Jewish Federation Planning Celebration for Israel’s 75th Birthday

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The Jewish Federation of Greater Philadelphia’s 65th anniversary celebration for Israel 10 years ago. (Courtesy of the Jewish Federation of Greater Philadelphia)

Israel is going through a tumultuous moment, but no amount of division, tension or upheaval should stop American Jews from celebrating a remarkable accomplishment for the Jewish state this year, according to Jeffrey Lasday, the senior chief of external affairs for the Jewish Federation of Greater Philadelphia.

And that is Israel’s 75th birthday in April and May. In May 1948, the British mandate over the territory expired, and David Ben-Gurion, Israel’s first prime minister, proclaimed independence.

To mark the anniversary, the Federation is planning a series of events. Those include a community mitzvah day on April 23, Shabbat gatherings on April 28 and 29 and A Taste of Israel, a festival, on May 7. The celebration will conclude with a trip to Israel, for anyone interested, from May 14-21.


“For over 2,000 years, the Jews were in a diaspora of wandering people, and yet never forgot about their homeland. And yet here, 75 years ago, this miracle occurs,” Lasday said.

And it continues, according to the Federation executive.

“It’s an amazing, continuous Jewish experiment,” he said. “The fact that today almost half the Jews in the world live in Israel — who would have thought that 75 years ago?”

Lasday did not deny that Israel faces challenges. But he compared the country to the United States near the end of its first century. A civil war was going on.

“Israel is still in the process of defining what does it mean to be a Jewish state, what does it mean to be a democracy, what does it mean to be a democratic Jewish state,” said Lasday.

The Federation executive sees energy on both sides. He believes that Israelis and diaspora Jews are, in their own ways, expressing love for the Jewish state.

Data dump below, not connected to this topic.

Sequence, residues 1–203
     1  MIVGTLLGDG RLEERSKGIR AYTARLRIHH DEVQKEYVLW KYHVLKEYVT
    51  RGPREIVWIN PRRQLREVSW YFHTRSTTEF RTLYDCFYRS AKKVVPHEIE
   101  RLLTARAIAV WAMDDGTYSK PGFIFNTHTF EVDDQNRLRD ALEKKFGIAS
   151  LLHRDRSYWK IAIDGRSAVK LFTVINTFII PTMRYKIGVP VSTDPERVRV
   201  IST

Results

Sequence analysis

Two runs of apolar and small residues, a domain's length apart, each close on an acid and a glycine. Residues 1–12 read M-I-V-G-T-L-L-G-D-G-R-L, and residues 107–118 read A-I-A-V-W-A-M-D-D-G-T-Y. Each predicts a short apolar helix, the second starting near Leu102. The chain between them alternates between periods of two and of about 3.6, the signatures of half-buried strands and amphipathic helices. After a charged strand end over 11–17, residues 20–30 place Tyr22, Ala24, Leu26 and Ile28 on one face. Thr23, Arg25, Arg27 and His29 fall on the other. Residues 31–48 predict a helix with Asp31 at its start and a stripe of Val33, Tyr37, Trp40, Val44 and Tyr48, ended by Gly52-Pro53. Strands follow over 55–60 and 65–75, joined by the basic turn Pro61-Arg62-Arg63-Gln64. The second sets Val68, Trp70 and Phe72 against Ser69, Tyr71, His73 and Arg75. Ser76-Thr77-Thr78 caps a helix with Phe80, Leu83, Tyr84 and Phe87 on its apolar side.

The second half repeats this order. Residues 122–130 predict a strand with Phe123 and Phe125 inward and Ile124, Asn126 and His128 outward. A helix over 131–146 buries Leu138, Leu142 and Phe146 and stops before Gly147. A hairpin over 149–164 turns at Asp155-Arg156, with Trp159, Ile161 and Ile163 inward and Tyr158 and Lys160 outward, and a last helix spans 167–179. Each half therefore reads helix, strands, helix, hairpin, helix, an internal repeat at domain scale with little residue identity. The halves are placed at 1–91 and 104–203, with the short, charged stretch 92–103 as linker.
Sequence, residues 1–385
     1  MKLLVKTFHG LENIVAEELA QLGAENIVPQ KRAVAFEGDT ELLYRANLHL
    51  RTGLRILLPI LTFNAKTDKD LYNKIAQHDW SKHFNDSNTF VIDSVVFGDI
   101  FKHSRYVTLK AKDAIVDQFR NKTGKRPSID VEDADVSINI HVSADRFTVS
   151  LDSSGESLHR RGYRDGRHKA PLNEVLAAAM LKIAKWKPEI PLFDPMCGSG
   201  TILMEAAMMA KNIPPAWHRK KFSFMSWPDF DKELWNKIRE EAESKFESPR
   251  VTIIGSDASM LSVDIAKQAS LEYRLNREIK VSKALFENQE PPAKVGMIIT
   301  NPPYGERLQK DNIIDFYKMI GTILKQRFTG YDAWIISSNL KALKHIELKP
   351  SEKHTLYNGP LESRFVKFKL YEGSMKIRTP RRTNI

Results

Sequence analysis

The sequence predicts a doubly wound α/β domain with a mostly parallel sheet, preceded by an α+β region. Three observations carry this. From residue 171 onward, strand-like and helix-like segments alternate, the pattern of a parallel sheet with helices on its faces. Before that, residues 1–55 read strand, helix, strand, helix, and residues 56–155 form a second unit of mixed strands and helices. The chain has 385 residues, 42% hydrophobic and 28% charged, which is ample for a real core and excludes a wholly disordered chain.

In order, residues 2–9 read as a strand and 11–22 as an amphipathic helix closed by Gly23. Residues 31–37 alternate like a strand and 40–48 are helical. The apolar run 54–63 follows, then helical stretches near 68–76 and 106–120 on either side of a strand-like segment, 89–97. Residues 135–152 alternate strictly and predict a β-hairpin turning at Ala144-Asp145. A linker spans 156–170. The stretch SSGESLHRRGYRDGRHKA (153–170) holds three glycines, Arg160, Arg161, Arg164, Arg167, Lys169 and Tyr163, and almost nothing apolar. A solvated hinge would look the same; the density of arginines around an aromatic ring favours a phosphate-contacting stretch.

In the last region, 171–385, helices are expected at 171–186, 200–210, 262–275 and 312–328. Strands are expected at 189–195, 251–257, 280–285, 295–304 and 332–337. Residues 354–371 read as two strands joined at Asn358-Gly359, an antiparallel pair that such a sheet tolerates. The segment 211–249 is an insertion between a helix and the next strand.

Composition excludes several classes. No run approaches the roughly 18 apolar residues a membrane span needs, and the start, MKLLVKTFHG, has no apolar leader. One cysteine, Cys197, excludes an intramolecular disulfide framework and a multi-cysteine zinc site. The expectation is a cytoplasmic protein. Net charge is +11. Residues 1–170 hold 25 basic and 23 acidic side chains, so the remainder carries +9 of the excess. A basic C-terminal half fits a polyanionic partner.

“It’s this messiness that’s going on in Israel, but it’s going on at this very passionate level,” he said.

Philadelphia-area Jews can bring the same passion to the Federation’s events. The gatherings are focusing on community service, religious practice and Israeli culture. There is something for everybody. Or there is everything for somebody, depending on how much you want to participate.

The Jewish Federation of Greater Philadelphia’s Israel 75 celebration will include a community mitzvah day. (Courtesy of the Jewish Federation of Greater Philadelphia)

The community mitzvah day will include more than 25 service projects like food deliveries, a cemetery cleanup and a schoolyard cleanup. Wherever you live, you will have an event within a short distance, according to Lasday.

The following weekend, the Federation is encouraging synagogues and community centers to host Shabbat experiences for anyone interested. Synagogues in the suburbs, like Congregation Beth Am Israel in Penn Valley, and in the city, like Mekor Habracha, have signed up to host gatherings. There are also events for younger adults who may be unaffiliated with synagogues.

“It’s an opportunity to reflect spiritually and about what Israel means in our lives,” Lasday said.

One week later, A Taste of Israel will be less reflective and more festive. At the Saligman Campus in Wynnewood, there will be Israeli foods, music and merchandise. James Beard Award-winning chef Michael Solomonov will man a tasting area. Tickets can be bought at israel75.jewishphilly.org.

That is also where you can find more information about all of these activities, including the trip to Israel. There are four different “tracks” listed by the Federation for the trip: adventure; food, wine and culture; tech and business; and people, places and politics. But limited spots remain, and the cost is high: more than $5,000 per person for a double room and more than $7,000 per person for a single room.

“We wanted to weave these four events together and touch as many people in the greater Philadelphia community as possible,” Lasday said. “At the end of the day, we’ll probably have 4,000 participants in all these events.”

Lasday estimated that a third of the Federation’s allocations “fund Jewish cultural events in Israel.” Jews are one people, he said.

“What the celebration does is it sort of reinforces that connection,” he added. “The Philadelphia Jewish community is part of a greater Jewish community, with a homeland in Israel.”

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